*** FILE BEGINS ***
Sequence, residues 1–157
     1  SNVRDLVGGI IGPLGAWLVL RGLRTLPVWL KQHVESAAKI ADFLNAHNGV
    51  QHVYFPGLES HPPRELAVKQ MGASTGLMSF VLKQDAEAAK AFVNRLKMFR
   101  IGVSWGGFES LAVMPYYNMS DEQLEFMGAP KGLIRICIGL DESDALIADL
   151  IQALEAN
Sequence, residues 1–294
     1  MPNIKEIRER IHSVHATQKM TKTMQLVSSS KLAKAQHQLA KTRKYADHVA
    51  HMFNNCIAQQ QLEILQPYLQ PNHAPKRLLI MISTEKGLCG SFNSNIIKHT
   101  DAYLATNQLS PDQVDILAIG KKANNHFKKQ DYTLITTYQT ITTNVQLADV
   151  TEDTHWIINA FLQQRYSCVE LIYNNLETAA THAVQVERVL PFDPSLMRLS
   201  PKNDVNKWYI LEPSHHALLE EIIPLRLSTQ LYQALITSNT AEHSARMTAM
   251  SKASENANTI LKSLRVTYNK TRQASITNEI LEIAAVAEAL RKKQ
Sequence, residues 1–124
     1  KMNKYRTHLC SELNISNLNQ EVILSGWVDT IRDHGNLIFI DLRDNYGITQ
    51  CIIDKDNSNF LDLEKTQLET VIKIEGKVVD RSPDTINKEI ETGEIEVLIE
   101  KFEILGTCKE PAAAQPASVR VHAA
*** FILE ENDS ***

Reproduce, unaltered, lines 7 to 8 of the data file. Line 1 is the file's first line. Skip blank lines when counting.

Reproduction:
     1  MPNIKEIRER IHSVHATQKM TKTMQLVSSS KLAKAQHQLA KTRKYADHVA
    51  HMFNNCIAQQ QLEILQPYLQ PNHAPKRLLI MISTEKGLCG SFNSNIIKHT